Universal e-scooter sounds created to reduce the number of crashes with pedestrians will be tested from this week.
Micromobility company Dott said people, including some who are blind or partially sighted, will wear a virtual reality headset to immerse them into simulations involving e-scooters emitting three sounds.
They will be asked to identify when they are first aware of the e-scooter and provide feedback on the suitability of the sounds.
The sounds have been developed by researchers at the University of Salford.
There are concerns the virtually silent motors of e-scooters can make the contraptions dangerous for pedestrians.
Department for Transport figures show one pedestrian was killed and a further 62 were seriously injured in collisions with e-scooters in Britain during the 12 months to the end of June.
A further 180 suffered minor injuries.
Tests of the sounds will take place in a laboratory in London, in partnership with the Royal National Institute of Blind People (RNIB).
They will be repeated in Italy, Sweden and Spain, before trials take place on public roads.
The development of an industry standard e-scooter sound, which can be detected by those that need it but without being intrusive, could greatly improve the experience for some of the most vulnerable road users— Dott chief executive Henri Moissinac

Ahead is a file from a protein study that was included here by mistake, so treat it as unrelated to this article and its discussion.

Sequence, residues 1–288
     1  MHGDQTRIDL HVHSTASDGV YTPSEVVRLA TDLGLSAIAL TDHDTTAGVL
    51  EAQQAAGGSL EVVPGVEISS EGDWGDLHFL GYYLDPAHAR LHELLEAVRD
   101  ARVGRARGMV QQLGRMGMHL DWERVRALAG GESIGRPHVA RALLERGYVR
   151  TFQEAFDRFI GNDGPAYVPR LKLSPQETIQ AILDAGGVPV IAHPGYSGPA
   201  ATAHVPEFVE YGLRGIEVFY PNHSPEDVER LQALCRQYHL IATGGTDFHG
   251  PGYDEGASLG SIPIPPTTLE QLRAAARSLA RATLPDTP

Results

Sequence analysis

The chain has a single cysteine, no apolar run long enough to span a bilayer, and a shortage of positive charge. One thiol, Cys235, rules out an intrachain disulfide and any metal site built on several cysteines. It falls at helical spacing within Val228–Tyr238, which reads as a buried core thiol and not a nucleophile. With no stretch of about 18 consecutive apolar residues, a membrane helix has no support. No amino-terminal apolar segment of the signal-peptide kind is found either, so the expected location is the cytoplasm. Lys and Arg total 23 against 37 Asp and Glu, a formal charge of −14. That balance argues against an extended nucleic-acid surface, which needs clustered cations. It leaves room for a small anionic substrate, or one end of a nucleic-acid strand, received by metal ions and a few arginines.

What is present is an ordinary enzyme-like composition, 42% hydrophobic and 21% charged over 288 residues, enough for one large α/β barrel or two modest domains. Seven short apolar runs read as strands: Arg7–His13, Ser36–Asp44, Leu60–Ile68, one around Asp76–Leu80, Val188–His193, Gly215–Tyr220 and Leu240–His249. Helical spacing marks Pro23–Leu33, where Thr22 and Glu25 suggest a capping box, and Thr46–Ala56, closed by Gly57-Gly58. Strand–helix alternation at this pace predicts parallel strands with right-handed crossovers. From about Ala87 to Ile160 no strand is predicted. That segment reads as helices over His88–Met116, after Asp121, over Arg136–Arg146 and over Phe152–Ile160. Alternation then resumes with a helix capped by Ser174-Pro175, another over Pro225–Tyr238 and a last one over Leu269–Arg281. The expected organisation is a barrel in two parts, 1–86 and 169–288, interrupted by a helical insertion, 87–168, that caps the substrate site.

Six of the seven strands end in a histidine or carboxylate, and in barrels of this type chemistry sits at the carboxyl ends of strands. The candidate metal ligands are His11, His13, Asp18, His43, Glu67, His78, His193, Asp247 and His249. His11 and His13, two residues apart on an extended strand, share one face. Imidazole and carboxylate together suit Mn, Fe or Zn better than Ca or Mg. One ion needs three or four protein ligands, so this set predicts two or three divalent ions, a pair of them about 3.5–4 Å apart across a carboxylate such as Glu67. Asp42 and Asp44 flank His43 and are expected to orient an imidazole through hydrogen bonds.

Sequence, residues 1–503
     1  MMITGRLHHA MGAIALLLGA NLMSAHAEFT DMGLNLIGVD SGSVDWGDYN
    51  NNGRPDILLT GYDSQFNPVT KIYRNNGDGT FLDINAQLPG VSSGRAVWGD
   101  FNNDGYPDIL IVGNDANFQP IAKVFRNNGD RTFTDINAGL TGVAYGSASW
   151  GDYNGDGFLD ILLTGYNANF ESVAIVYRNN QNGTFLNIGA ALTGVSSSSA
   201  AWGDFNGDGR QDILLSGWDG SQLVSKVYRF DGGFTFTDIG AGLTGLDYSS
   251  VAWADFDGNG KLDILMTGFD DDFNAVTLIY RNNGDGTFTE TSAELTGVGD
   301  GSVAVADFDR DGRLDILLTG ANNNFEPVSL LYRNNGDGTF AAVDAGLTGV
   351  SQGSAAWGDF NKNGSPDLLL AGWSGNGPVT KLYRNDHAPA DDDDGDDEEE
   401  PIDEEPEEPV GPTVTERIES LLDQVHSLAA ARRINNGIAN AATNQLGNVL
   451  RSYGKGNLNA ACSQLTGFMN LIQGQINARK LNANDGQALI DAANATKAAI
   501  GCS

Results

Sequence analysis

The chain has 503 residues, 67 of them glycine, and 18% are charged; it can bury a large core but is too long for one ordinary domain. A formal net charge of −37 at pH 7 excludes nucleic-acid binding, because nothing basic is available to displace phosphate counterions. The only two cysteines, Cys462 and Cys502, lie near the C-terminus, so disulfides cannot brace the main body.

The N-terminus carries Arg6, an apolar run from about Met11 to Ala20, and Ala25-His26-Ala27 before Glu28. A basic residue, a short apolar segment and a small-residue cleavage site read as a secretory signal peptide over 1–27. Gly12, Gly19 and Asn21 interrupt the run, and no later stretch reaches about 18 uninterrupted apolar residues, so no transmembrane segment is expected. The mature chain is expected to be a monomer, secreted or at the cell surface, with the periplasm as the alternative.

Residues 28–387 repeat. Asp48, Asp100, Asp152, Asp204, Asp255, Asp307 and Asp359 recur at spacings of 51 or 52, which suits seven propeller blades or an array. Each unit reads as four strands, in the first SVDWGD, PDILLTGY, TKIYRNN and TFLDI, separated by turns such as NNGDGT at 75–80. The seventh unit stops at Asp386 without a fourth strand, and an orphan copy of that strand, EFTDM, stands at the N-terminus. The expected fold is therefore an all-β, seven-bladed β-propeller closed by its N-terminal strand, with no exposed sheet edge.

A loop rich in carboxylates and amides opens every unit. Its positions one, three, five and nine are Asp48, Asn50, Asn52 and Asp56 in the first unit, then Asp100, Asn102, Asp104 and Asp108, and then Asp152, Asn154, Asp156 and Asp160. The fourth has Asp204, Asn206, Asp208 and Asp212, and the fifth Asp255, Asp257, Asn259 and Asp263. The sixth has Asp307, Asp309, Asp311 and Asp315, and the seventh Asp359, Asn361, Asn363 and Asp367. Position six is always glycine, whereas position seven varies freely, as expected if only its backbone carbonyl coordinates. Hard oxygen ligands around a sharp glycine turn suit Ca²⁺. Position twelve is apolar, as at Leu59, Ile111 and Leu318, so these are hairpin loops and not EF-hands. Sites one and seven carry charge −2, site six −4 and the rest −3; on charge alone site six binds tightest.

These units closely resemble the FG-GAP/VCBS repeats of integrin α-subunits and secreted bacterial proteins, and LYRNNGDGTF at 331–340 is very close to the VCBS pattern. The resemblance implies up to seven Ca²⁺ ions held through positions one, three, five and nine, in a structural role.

The aim of the project is to create a sound that will be universally emitted by e-scooters internationally without contributing to noise pollution.
Dr Antonio Torija Martinez, principal investigator at the University of Salford, said: “We are testing a series of carefully designed e-scooter sounds to find the right balance between maximum vehicle noticeability and minimum noise pollution.
“Using virtual reality to create immersive and realistic scenarios in a safe and controlled laboratory environment will allow us to achieve robust results.
“By working closely with the RNIB and blind associations across Europe, we can ensure that the sound we develop is the best fit for their needs.”
RNIB head of inclusive design Robin Spinks said it can be “terrifying” for bind or partially sighted people when electric vehicles are used “irresponsibly”.
Private e-scooters are often used on UK public roads and pavements despite being banned.
Dott is among the companies that are running legalised trials of rental e-scooters on roads in dozens of towns and cities across England.
Dott chief executive Henri Moissinac said: “Our vehicles are transforming cities by providing efficient transport which is free from both air and noise pollution.
“It’s important that our vehicles not only work for our users but are respectful to all other city residents.
“The development of an industry standard e-scooter sound, which can be detected by those that need it but without being intrusive, could greatly improve the experience for some of the most vulnerable road users.”